India Missing Out on Massive Healthcare Opportunity Due to Poor Policies


Dr. Devi Shetty is aghast that India is not leveraging its strengths in becoming one of world’s leading healthcare training providers even when smaller countries like Cuba and Philippines are beating us to it.

Addressing the 2018 edition of Development Dialogue in Huballi early February, organized by the Deshpande Foundation, he said the next big innovation – the Uber of healthcare – is going to emerge out of India even though India’s WHO ranking of health systems is 112 below many poor countries.

For example, a 55,000 sq ft facility in Cuba in a mall trains hundreds of doctors to the US market. There are 35 medical schools in the Caribbean doing the same. Most of the teachers here are Indian. Why can’t policies in India enable this to happen here? We can, but our policies won’t allow.

Highlights of his hard-hitting presentation

World Health University

There will be shortage of 80.3 million healthcare workers in the next 13 years across the world. India alone will need 2 million doctors and 4 o 5 million nurses and technicians.

We cannot produce it overnight. We need to start planning now. It takes 14 years to train a surgeon to operate on hand, leave alone on heart.

Change is hard in India hence came up with the idea of a global university to train medical professionals. Content is online and country signatory should accept the degree. Training can happen in any hospital globally with more than 200 beds.

This is aimed at African doctors. African doctors are looking at India but we are shutting our doors.

As a foreign policy, it is so much better to engage in training and education with foreign countries which offer lasting benefits than focus on natural resources, like China is doing in Africa. India has natural advantages which it is squandering.

Modi’s Health Insurance Good if its Includes Surgery

Lack of access to surgery kills 17 million people across the world a year as against 3.4 million due to malaria, TB and HIV. So, excessive focus of healthcare should move away from infectious diseases to surgery. According to Lancet Commission data, India needs 60 million surgeries a year and only half get done by those who can pay. Therefore, the central government’s health insurance plan in 2018 Budget will be good if surgeries are included.

Nursing profession is dying because of bad policies. Most nurses in the US are allowed to administer anesthesia while in India, nurses who have worked in ICUs for 10 years are not allowed. They cannot even prescribe a simple medicine. Unless medical profession becomes inclusive, it cannot grow.

Threat of Unemployment a National Security Issue

The greatest threat to India is not external aggression but unemployed youth. If we don’t find jobs for 300 million youth, we are staring at a big crisis. For example, Maruti Udyog with a turnover of Rs.66,000 crore, employs only 13,500 people while Narayana Hrudhalaya, with a turnover of Rs. 2,000 crore, employs 15,000 people.

90% of NH employs are women. If this country is to progress rural women need to have jobs. With just 2 to 3 months training, we can offer jobs to thousands of rural women. Empowered women raise better children and this result in better nation- building.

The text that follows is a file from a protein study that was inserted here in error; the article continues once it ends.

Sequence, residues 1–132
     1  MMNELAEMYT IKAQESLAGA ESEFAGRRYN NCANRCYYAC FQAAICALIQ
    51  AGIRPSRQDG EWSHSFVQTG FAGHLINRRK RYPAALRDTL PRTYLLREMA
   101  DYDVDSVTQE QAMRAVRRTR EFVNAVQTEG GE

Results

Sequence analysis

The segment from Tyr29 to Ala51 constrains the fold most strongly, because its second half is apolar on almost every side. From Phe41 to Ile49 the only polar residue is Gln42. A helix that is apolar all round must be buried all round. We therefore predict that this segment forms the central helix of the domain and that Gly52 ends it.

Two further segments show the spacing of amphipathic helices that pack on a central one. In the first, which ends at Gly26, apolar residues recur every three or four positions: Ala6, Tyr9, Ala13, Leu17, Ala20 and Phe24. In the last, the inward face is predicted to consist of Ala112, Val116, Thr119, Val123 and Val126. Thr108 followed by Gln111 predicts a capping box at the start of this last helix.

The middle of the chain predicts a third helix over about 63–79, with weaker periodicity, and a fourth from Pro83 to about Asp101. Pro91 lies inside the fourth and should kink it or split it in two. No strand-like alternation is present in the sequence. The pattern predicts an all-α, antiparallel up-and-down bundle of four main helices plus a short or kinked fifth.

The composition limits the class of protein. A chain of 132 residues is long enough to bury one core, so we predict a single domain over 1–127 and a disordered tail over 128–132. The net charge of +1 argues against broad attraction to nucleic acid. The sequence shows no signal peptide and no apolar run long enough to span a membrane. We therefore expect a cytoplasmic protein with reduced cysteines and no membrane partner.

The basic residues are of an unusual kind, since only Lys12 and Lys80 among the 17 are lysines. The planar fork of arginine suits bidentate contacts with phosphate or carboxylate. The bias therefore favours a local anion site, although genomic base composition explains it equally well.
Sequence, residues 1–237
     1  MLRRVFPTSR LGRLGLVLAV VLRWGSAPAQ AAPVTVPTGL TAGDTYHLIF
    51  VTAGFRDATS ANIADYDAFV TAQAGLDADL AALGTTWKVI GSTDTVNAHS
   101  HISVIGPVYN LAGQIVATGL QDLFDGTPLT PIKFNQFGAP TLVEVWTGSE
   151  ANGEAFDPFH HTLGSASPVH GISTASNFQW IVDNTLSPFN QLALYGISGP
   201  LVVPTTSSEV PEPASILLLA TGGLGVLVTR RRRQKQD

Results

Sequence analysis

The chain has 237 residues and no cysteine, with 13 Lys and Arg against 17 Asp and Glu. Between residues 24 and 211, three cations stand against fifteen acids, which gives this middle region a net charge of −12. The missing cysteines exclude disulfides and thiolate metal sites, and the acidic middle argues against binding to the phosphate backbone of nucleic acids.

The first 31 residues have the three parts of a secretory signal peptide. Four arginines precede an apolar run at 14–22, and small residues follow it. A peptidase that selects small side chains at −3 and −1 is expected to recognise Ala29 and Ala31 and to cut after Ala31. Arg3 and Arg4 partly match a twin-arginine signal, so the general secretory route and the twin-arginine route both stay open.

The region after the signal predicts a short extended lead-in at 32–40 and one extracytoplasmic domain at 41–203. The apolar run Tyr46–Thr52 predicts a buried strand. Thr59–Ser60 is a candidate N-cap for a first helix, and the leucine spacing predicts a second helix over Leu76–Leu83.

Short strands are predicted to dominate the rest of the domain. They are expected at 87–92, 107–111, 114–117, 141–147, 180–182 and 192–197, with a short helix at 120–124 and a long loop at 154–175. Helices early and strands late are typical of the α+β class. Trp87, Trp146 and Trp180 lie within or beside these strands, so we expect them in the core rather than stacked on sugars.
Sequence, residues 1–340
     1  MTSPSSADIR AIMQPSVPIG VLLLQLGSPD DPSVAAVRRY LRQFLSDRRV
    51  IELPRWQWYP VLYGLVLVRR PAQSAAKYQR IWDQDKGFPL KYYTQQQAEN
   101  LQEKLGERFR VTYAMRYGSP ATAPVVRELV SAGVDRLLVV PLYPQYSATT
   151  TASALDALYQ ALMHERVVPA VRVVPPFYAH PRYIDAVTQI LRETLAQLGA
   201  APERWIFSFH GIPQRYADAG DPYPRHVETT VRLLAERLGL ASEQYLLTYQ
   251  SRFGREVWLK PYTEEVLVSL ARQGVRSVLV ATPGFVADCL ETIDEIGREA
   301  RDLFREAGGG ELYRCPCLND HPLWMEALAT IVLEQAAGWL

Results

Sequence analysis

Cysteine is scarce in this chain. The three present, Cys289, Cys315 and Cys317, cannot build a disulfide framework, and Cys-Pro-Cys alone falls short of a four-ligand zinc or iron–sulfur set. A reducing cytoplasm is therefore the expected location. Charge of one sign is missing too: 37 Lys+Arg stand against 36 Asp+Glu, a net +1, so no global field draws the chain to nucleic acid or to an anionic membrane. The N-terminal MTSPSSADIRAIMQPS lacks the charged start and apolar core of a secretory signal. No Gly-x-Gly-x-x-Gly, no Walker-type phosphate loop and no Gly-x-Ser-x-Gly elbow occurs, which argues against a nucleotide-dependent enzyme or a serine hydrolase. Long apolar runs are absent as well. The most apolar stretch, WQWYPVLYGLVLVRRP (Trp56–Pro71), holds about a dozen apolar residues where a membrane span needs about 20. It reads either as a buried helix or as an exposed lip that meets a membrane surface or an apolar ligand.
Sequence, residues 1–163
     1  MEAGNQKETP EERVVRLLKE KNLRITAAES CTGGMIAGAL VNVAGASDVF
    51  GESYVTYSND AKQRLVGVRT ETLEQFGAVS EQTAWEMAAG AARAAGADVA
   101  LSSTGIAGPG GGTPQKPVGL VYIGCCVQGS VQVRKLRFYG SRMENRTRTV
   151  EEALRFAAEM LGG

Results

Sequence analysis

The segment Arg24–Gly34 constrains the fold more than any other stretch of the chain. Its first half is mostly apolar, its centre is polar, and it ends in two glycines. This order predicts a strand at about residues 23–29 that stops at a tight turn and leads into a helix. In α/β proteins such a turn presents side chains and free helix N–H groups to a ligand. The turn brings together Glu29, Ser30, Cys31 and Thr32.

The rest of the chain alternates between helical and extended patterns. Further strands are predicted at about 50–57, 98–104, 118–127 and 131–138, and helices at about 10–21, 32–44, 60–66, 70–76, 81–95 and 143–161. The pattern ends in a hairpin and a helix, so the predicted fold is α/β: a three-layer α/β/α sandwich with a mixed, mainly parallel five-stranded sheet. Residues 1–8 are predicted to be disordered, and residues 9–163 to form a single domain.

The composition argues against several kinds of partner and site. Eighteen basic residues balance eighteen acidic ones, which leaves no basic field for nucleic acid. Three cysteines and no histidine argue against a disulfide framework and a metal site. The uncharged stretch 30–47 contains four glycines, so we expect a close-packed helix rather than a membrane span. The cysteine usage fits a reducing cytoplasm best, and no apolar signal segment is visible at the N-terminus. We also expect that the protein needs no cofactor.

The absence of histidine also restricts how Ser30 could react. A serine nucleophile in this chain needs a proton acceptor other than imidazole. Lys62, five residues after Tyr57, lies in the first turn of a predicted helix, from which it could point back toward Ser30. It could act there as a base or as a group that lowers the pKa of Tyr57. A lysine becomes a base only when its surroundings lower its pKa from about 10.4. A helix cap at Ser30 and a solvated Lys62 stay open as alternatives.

With right policies India can earn at least $100 billion dollar a year in remittances. Healthcare can become the largest employer in India. Training is one of the biggest opportunities for India’s youth. The world no longer looks up to Indian IT professionals, but they like Indian doctors and nurses.

Agrarian crisis in India cannot be solved by any number of farm loan waivers or irrigation projects. The only way is by bringing the farmer families into the mainstream of the economy. We need to find jobs for rural women and children of farmers.

Interestingly, healthcare is the largest business sector globally at $ 8 trillion. Oil and automobile are only $2 trillion each. Healthcare is a big opportunity for India both for employment generation and for business. Why are we mute to this opportunity?

Civil society in India is not pushing for change. This could be one of the biggest reasons for the sorry state of affairs.

Super specialty hospital in 100 Towns

Medical education in India is in a mess because of the heavy cost of infrastructure. A medical school requires Rs.400 crore.

There are 100 towns in India which have no super specialty hospitals. These towns cannot afford it. So we tied up with L&T to build a super specialty hospital and equip each for only $6 million as against the conventional $20 million. The first one has come up in Mysore. The conventional hospital takes 2 years to put up while we did it in 6 months. It is doing extremely well.

This was possible because we believe that ‘Future is never an extension of the past. You can imagine the future differently.’ Price is notional. It is up to you how you want to price anything. These hospitals don’t need ACs nor fire safety equipment. In fact air conditioners add to infection.

No More Consultants in 5 Years

Online healthcare will dramatically transform healthcare. Most consultants will disappear in the next 5 years. In fact, online retail is more complex than online healthcare.

In 5 years smart software can do better diagnosis than smart doctors. In 10 years it could become legally mandatory for doctors to take second opinion from software. All this may happen faster than we can imagine.

The future of healthcare will be dramatically different. Uber does not own cars, Airbnb does not own a single hotel room, Facebook does not create content, Alibaba does not have inventory; in the future, hospital beds will be owned by software. It will happen in India.

We need to unleash the power of education to transform India.

Listen to Devi Shetty

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